תניא רבי יוסי הגלילי אומר וכי מפני שאכל זה תרטימר בשר ושתה חצי לוג יין האיטלקי אמרה תורה יצא לבית דין ליסקל אלא הגיעה תורה לסוף דעתו של בן סורר ומורה שסוף מגמר נכסי אביו ומבקש למודו ואינו מוצא ויוצא לפרשת דרכים ומלסטם את הבריות אמרה תורה ימות זכאי ואל ימות חייב שמיתתן של רשעים.
It has been taught: R. Jose the Galilean said: Did the Torah decree that the rebellious son shall be brought before bet din and stoned merely because he ate a tartemar[4] of meat and drank a log of Italian wine? Rather, the Torah foresaw his ultimate destiny. For at the end, after dissipating his father's wealth, he would [still] seek to satisfy his accustomed [gluttonous] desires but being unable to do so, he would go out to the crossroads and rob. Therefore the Torah said: Let him die while yet innocent, and let him not die guilty. (Sanhedrin 72a)

This suggests that the boy was stoned not because of what he had already done, but to prevent him from committing a more egregious violationtheftwhich is also not punishable by execution.[5] Is this consistent with Torahs notion of justice? Hardly.

Yet this justification comes after the Rabbis have devoted no fewer than six full dapim (68b through 71b) to successfully dismantling the law of the Rebellious Son by placing so many strictures and limitations on it that it is impossible to carry out. Thus the Rabbis simultaneously justify and promote the law of the Rebellious Son, on the one hand, and effectively demolish it on the other hand. Are the Sages consistent?

Certainly, consistency has much to commend it, but it was consistency that Emerson criticized, but rather foolish consistence”—doing things the same way without regard to consequences, new knowledge, or consideration of deeper values and concerns.

From a certain perspective, the Rabbis are meticulously consistent. The underlying valuesa premium on family and respect for parents, concern for the welfare of society, respect for the dignity of every human beingare consistent and admirable. The way to best live and promote those values in law and life changes with time. But even our values change with time, as we acquire more knowledge and wisdom. To say that nothing changes is to deny the magnificence manner in which halakhaha system and tool chest for responding to questions of morality and practice, not merely a set of rigid lawsresponds to our ever-changing, dynamic reality. To reduce halakhah to a strict set of immutable laws is to render it a foolish consistency that is, indeed the hobgoblin of little minds.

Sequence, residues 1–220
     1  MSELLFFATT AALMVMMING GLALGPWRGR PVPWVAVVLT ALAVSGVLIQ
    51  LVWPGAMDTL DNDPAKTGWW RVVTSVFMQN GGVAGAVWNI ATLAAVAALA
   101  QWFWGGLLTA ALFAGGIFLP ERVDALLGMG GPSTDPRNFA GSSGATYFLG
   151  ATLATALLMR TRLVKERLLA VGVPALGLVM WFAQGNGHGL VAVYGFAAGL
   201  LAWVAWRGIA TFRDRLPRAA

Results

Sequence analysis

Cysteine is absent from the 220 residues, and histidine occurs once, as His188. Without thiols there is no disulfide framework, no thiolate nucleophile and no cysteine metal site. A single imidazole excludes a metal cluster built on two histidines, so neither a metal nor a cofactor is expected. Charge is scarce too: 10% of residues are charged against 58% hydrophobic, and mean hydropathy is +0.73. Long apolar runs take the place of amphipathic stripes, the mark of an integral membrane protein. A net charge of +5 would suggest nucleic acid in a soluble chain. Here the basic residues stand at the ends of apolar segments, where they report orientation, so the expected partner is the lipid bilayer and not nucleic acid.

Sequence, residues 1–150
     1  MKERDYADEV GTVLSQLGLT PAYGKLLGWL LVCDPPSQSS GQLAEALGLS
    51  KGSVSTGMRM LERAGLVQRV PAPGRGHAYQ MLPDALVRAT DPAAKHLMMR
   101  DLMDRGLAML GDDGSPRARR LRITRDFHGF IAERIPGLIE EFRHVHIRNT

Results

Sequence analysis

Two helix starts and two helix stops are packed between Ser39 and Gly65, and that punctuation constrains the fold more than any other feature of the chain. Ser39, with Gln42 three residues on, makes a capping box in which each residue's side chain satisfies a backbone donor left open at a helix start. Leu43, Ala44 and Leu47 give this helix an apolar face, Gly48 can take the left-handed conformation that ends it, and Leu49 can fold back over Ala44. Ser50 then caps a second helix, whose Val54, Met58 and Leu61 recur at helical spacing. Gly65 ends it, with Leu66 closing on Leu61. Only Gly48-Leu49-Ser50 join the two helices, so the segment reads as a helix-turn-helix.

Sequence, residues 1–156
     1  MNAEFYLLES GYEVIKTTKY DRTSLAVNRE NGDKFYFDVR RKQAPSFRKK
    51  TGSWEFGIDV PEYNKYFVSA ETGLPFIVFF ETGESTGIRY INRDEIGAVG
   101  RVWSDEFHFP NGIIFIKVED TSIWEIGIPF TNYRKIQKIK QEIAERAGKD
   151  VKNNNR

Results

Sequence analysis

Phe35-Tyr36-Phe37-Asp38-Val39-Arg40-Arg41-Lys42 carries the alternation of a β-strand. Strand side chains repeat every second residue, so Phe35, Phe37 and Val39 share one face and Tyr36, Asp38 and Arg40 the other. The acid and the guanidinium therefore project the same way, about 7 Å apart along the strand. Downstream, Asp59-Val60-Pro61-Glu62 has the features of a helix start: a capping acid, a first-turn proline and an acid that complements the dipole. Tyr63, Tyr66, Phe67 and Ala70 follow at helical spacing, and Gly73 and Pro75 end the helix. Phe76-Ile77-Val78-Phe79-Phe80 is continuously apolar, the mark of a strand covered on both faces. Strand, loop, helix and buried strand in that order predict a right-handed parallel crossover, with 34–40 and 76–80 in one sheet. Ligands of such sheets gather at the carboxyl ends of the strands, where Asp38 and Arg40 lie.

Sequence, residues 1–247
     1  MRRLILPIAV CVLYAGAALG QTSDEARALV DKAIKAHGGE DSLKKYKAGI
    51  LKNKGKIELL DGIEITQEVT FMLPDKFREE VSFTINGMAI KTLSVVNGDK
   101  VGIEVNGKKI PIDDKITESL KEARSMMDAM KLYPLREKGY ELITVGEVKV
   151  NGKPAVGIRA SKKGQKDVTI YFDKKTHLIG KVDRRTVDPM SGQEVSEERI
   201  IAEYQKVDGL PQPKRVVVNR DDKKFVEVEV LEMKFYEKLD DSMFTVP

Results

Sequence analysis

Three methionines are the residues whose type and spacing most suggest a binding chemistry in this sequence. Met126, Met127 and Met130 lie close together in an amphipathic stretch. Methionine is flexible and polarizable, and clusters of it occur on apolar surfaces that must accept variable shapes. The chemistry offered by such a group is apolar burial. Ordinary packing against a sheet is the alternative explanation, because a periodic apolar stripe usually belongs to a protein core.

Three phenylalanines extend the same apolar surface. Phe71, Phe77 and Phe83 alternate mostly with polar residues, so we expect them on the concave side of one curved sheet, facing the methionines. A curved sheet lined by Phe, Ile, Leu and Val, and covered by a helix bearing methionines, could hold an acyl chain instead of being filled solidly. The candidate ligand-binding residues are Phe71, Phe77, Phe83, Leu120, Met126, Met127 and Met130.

© Rabbi Amy Scheinerman

This Torah commentary is posted at: http://taste-of-torah.blogspot.com, where you can find commentaries for all the weekly Torah portions.

You are welcome to visit my website at: http://scheinerman.net/judaism.

You are welcome to visit my Talmud blog at: http://nuviewtalmud.blogspot.com.


[1] Self-Reliance, 1841.
[2] Notebook, 1892.
[3] "The Relation of Dress to Art, Pall Mall Gazette (February 28,1885).
[4] The Jewish Encyclopedia (volume 12, p. 489) says a tartar is slightly under seven ounces.
[5] The Rabbis famously considered, but rejected, the idea of killing Bar Kamtza, although they knew that he intended to bring false evidence to the Roman government that the Jews were rebelling, a lie that would likely lead to war and the deaths of thousands. Gittin 56a reports that confronted with a preponderance of evidence concerning Bar Kamtzas intensions, R. Zechariah ben Abkulas said to his colleagues: "Is one who makes a blemish on consecrated animals to be put to death?